The first set of emails, sent one day after the attack, provide evidence that a senior State Department official told her superiors that in his final message Stevens said the attack “was conducted by Islamic terrorists.” This was four days before Susan Rice said went on Meet the Press and other Sunday news shows to claim that the attack was the result of a spontaneous demonstration. The second set of emails concerns frantic exchanges between the White House and State Department officials, where the former “insisted on removing all references to the terrorist attack to protect the State Department for providing inadequate security.”
According to Boehner, “somebody clearly decided they didn’t like the references to Islamic terrorism and made changes in this document.”
Contrary to administration claims that the mistaken description of the nature of the attack reflected “the best intelligence at the time,” we now know that the talking points that led to Susan Rice’s statement were revised 12 times. Early drafts contained references to Al Qaeda but they were later deleted. Especially damning is the fact that State Department spokesman Victoria Nuland pressed the CIA to delete references to the agency’s earlier warnings. As ABC News reported on Friday, the original paragraph read:
The Agency has produced numerous pieces on the threat of extremists linked to al-Qa’ida in Benghazi and eastern Libya. These noted that, since April [2012[, there have been at least five other attacks against foreign interests in Benghazi by unidentified assailants, including the June attack against the British Ambassador’s convoy. We cannot rule out the individuals has previously surveilled the U.S. facilities, also contributing to the efficacy of the attacks.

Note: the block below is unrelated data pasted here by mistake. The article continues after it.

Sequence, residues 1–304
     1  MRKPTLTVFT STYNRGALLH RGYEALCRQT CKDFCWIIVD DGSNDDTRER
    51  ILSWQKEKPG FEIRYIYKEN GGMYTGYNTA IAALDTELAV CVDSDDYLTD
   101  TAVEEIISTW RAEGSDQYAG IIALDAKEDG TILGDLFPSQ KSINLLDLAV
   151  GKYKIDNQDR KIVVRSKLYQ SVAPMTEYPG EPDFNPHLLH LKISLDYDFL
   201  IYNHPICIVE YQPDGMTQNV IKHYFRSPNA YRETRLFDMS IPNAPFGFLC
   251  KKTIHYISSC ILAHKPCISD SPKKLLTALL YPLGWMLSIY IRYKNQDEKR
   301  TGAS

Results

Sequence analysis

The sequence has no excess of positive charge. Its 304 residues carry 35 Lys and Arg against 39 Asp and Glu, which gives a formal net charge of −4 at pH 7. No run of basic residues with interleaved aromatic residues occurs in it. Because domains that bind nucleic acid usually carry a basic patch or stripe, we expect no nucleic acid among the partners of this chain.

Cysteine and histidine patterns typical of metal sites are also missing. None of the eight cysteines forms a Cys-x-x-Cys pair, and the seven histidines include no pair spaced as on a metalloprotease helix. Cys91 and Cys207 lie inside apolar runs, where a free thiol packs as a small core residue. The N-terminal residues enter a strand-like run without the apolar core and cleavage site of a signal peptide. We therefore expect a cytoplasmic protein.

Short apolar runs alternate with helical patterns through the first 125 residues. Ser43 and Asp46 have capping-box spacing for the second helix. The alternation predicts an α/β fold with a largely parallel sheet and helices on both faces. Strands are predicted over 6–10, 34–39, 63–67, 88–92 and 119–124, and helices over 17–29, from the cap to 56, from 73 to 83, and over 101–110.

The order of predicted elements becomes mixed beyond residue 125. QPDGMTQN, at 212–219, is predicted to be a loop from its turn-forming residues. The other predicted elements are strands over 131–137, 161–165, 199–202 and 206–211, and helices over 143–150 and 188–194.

Nuland wrote that the lines “could be abused by members [of Congress] to beat up the State Department for not paying attention to warnings, so why would we want to feed that either? Concerned …” The offending paragraph was duly deleted. It is now also known that then-CIA Director David Petraeus voiced surprise when he learned three days after the attack that officials had deleted all prior references to Al Qaeda and jihadists, leaving only the word “extremists.”
White House Press Secretary Jay Carney nevertheless maintains that “what we said and what remains true to this day is that the intelligence community drafted and redrafted these points.” He stood by claim that White House involvement was minimal: “the only edits made by anyone here at the White House were stylistic and non-substantive. They corrected the description of the building or the facility in Benghazi from consulate to diplomatic facility and the like.” On the same day State Department spokesman Patrick Ventrell asserted that Rice’s comments were based on the intelligence community’s “best assessment that there was not any evidence of months-long pre-planning or pre-meditation, which remains their assessment.”
This is no mere spinmaster’s misrepresentation, it is a lie. On the basis of numerous off-the-record conversations with those in the know, I can aver that it never was the intelligence community’s true assessment, and it is not its assessment now.
The truth of the matter is that Obama and his team remain hell-bent on constructing user-friendly jihadists, and they will not allow the reality to get in the way of their construct. Egypt, the pivotal Arab nation, has already paid the price, as well as Libya and Tunisia. Syria may be next. Boston was but a minor sideshow, in terms of blood but not in terms of impact, in the unfolding tragedy. We have the most jihad-friendly administration the non-Muslim world has ever known.